Regina Martinez, journalist and correspondent for the Mexican magazine Proceso, is seen in this undated picture released to…
FILE - Regina Martinez is seen in this undated picture released to Reuters, April 29, 2012.

WASHINGTON - Eight years ago, investigative journalist Regina Martínez was found beaten and strangled to death in her home in Veracruz, Mexico. A peerless reporter in the region, she was known for investigating power and corruption, including the state government’s alleged relationship with violent drug cartels. But her death had a chilling effect on journalism in Veracruz.  

"It was one of the most brutal and high-profile murders of Mexican journalists in the past 20 or 30 years,” said Jan-Albert Hootsen, the Mexico representative for the Committee to Protect Journalists (CPJ). That’s especially damning, as the press freedom organization notes that “Mexico has long been the most dangerous country for journalists in the Western Hemisphere.” 

FILE - In this April 29, 2012, photo, photojournalists place their cameras on the ground during a demonstration in Mexico City condemning the alleged murder of fellow journalist Regina Martinez.

Martínez’s slaying is the subject of new investigation published this month by “The Cartel Project,” the work of a global network of investigative journalists called Forbidden Stories. Their piece delves into the botched investigation of her death, a social media disinformation campaign about the killing, and the reporting Martínez was pursuing at the time she was killed: “an explosive report on thousands of people who had mysteriously disappeared in Veracruz.” 

This is all core to the mission of Forbidden Stories, which founder Laurent Richard described as “continuing the work of journalists who have been killed, jailed or under threat.”  

The larger goal, Richard said, is “to send a strong signal to enemies of the free press that even if you kill the messenger you will never kill the message.”  

FILE - Mexico's President Andres Manuel Lopez Obrador gives his daily, morning news conference at the presidential palace, Palacio Nacional, in Mexico City, July 13, 2020.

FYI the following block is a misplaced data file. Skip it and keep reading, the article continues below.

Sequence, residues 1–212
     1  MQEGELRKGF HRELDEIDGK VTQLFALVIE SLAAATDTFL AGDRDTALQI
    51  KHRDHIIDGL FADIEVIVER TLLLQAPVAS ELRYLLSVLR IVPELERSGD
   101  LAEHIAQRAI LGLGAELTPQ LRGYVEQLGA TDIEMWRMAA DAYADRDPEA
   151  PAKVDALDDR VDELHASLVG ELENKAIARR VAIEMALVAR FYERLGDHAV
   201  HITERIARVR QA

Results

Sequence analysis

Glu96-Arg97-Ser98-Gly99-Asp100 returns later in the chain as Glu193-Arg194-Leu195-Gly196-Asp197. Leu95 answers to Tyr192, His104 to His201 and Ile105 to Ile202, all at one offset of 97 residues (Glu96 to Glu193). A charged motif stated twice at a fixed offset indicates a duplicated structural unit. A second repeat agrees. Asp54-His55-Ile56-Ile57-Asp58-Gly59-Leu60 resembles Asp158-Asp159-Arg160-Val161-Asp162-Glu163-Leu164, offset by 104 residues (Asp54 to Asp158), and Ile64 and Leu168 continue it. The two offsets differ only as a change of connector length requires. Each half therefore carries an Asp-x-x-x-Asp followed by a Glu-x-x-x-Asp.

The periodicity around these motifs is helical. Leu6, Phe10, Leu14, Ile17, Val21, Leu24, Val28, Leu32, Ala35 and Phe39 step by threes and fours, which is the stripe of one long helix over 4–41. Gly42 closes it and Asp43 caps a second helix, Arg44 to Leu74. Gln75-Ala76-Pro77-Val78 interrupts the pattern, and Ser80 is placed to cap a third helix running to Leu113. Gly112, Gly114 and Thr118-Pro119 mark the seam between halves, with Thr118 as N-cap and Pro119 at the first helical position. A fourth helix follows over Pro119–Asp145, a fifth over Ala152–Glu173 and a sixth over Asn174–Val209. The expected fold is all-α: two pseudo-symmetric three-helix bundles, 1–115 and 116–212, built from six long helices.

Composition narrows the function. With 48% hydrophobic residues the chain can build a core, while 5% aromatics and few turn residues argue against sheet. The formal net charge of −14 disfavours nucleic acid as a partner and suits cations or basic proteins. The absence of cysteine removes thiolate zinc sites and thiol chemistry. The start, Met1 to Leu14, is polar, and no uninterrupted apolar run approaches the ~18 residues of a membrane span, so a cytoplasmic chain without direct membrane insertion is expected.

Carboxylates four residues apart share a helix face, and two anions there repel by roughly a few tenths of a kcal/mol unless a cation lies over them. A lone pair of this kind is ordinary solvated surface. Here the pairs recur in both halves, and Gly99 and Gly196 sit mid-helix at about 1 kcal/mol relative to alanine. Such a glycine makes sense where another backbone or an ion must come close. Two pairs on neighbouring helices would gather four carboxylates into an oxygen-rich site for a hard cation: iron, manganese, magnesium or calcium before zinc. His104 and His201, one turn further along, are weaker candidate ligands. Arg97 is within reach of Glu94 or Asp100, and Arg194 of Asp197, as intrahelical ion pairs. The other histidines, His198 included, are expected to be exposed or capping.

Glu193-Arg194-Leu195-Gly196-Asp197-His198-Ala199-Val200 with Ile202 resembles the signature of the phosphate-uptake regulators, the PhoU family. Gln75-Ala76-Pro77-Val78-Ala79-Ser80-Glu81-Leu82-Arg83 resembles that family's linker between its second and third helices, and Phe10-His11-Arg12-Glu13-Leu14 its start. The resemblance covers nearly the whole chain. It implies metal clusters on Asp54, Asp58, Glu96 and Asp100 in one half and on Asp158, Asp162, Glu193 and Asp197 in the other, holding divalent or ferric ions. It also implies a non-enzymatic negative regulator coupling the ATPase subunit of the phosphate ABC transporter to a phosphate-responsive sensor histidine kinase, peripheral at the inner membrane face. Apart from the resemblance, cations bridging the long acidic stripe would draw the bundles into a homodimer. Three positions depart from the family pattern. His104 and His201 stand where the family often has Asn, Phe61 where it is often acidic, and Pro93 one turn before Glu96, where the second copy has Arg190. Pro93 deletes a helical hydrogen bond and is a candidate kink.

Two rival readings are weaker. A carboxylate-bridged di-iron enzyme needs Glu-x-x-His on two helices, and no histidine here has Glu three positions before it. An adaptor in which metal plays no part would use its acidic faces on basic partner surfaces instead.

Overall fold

Yet with ongoing violence and impunity for journalist killings in Mexico, as well as anti-press rhetoric from President Andrés Manuel Lopez Obrador, CPJ’s Hootsen acknowledges a harsh reality for reporters in that country: “The situation is pretty bleak.” 

More than 30 journalists were killed directly for their work worldwide in 2020, with at least five in Mexico, according to CPJ data. The figure puts Mexico on a par with Afghanistan as the deadliest country in the world for reporters. Worse, these killings are nearly always met with no consequences. 

López Obrador and his administration took power in December 2018, promising to quell violence against journalists. Yet as Hootsen said, “That was 20 murders ago, so obviously they failed in that particular commitment.”  

The president has acknowledged the importance of journalism and laments the killings. But a comprehensive anti-impunity effort remains elusive, and López Obrador can be hostile to reporters.  

The president routinely criticizes news outlets for negative coverage and once told reporters, “If you go too far, you know what will happen.” (López Obrador later said he only meant they’d be held accountable by the public for unfairness.) 

Hootsen says that Mexican journalists believe the president contributes to a toxic climate of hate against them online, including harassment, death threats and doxing — where personal details such as addresses are shared online. Government measures designed to protect the media — including a special prosecutor’s office to investigate attacks and safety mechanisms such as bodyguards — are woefully inadequate. At least six journalists under the protection scheme have been slain.